To the Class of 2023
The day I graduated from Huntington University was incredibly windy — hot and windy, in fact. I remember standing at the corner of the Fieldhouse (where Commencement took place) waiting for my family to find me after the ceremony, the wind billowing my graduation gown around my legs. After being surrounded by hundreds of people in the decidedly NOT air-conditioned Fieldhouse, standing alone in the bracing breeze was a relief.
I could make a metaphor here about graduation and the winds of change, but I’ll save that for another time. The important fact right now is that my standing on HU’s home campus for graduation that day was a miracle in and of itself.
My earliest memories of being an HU student are not happy ones. I started crying the night before move-in day and more or less continued all the way through the New Student Dedication service 24 hours later. I’m not a big crier, so that says a lot. The massive life changes that came with moving away from home and starting college felt like way more than I could handle.
After the sadness came “emotional deadness.” For the first couple of weeks of class, I felt numb. I was just trying to survive. Classes were fine — the academic side of things was never really a problem — but adjusting to life away from family was an acute struggle. I seriously considered leaving HU and attending a commuter school back home in Ohio. By the time I felt better, it was fall break, and I had to leave home again after spending my break there. I cried…again.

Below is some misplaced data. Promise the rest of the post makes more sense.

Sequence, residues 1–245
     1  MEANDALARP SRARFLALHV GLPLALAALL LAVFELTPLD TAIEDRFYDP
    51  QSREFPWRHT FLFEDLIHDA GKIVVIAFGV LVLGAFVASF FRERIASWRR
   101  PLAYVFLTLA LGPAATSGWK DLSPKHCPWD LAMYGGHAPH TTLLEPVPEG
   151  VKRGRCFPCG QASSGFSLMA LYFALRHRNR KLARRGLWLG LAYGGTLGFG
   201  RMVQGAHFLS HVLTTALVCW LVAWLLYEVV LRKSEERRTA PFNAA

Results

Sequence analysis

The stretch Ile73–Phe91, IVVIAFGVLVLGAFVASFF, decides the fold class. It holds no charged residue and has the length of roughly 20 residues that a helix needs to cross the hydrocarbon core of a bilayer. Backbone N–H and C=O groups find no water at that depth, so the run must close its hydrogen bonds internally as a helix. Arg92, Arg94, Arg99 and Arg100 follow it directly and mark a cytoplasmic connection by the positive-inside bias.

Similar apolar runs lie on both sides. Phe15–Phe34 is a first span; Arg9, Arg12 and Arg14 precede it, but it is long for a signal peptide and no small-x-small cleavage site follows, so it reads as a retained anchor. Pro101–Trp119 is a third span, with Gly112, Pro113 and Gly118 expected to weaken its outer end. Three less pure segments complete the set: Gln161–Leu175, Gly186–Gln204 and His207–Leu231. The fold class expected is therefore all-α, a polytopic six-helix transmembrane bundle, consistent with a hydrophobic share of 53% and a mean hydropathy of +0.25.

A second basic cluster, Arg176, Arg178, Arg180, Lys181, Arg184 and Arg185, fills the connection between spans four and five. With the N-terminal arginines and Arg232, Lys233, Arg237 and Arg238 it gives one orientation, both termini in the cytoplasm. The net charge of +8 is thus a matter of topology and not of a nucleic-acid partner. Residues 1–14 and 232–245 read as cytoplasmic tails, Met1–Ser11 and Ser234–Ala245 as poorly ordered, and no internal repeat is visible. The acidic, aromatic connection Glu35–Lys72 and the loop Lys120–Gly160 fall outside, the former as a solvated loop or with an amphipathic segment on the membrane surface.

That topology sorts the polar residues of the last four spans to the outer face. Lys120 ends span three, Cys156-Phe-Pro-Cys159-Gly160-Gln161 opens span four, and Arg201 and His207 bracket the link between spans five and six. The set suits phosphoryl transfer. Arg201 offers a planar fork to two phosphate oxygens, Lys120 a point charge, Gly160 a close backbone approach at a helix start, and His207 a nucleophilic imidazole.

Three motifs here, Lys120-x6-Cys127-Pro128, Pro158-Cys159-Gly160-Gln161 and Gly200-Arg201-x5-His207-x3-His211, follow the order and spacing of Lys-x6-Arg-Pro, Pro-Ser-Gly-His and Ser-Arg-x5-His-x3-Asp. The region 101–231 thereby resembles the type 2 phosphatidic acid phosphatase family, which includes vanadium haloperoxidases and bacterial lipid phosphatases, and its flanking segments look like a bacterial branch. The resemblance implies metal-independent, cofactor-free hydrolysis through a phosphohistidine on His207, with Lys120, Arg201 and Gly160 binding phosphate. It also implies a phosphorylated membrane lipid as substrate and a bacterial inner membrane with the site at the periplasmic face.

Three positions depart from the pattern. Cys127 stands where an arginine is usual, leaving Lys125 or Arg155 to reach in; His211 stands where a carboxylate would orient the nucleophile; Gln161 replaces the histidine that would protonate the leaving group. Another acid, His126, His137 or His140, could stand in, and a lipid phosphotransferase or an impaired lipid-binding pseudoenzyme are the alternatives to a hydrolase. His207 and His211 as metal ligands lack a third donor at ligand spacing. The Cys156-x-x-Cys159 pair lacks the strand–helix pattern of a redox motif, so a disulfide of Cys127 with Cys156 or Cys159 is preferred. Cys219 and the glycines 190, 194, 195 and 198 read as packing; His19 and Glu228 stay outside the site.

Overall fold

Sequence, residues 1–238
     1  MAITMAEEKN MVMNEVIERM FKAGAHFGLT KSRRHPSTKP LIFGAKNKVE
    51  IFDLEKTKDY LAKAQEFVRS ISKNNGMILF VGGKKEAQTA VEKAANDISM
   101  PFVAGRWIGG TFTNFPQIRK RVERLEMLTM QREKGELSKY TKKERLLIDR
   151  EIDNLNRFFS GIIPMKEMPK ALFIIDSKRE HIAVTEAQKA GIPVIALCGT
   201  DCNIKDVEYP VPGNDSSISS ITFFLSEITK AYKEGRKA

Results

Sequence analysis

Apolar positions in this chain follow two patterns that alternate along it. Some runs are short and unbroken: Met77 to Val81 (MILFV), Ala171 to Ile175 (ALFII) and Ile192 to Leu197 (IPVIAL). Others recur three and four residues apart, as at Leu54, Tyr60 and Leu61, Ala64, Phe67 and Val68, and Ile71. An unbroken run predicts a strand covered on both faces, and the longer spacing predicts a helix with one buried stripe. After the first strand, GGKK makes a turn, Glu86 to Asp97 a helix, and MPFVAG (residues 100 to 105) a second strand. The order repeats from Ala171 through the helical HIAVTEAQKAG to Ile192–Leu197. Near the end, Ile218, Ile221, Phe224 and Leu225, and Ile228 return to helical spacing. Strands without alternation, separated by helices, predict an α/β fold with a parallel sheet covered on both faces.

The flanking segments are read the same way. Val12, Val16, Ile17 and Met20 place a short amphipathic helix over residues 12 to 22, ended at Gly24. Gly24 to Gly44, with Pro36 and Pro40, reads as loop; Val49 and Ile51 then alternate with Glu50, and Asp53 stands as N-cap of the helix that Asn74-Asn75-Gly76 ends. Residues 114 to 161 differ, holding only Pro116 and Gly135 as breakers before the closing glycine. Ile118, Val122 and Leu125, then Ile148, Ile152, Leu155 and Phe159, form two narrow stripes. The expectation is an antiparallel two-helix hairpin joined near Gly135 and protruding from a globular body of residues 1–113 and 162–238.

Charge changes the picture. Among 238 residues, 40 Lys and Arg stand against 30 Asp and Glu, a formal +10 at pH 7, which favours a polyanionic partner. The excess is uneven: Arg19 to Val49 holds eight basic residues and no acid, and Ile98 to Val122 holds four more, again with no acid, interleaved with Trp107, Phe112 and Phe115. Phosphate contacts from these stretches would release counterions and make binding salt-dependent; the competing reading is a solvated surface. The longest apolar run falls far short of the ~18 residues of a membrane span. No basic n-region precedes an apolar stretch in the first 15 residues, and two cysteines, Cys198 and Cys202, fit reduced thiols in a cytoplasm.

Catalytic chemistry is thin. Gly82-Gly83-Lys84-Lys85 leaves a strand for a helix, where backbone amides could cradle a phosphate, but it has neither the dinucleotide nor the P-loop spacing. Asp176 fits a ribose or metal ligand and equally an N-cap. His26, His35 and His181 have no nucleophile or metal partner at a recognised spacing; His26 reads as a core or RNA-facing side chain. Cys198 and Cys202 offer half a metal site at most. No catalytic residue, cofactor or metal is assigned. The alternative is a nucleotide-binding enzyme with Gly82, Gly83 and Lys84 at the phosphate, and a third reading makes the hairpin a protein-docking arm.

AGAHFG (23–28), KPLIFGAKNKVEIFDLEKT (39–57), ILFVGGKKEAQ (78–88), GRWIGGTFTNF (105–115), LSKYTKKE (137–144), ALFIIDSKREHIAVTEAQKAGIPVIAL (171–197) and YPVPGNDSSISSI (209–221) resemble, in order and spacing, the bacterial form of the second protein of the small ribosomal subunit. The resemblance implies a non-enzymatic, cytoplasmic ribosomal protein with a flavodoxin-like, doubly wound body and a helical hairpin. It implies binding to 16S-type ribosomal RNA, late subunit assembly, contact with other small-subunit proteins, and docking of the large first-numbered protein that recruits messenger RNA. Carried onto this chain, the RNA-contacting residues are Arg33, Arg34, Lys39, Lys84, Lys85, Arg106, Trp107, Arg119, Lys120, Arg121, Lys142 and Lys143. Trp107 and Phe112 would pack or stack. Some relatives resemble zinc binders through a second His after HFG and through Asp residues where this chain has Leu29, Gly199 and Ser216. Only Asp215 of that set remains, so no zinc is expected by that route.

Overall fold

One good thing came out of my miserable car ride back to campus, though: I decided that I would stay at HU for one whole academic year. Even in my wrecked emotional state, I knew that I wasn’t giving college life a fair shot unless I saw it through to the end of spring semester.
My decision to stay for “just a year” is one of several reasons why I am still at Huntington University nine years later. If I hadn’t resolved to see what God could do with my freshman year of college, I wouldn’t be working here now, and I wouldn’t have stood outside the Fieldhouse in May 2018, diploma in hand, waiting for my family and trying to keep my graduation cap from blowing off my head in the wind.
Everything that happened (good and bad) during my four years as an HU student led to the moment I could finally say with joy that I am an HU graduate. A proud member of the Forester Nation. And soon, Class of 2023, you will be able to say the same.
Whatever has led you to this moment, I pray that you will be able — on Graduation day or some day five years from now — to look back and see the work that God accomplished in your life during your time as an HU student. My guess is that it was something pretty incredible, perhaps even miraculous. And the best part is that this work will continue well past your time as a student.
From one grad to another: As you go out from this place and into the next phase of your lives, always remember that you are a Forester. Carry that spirit with you wherever you go, and come home to visit us when you can.
We’ll save you a spot in the DC.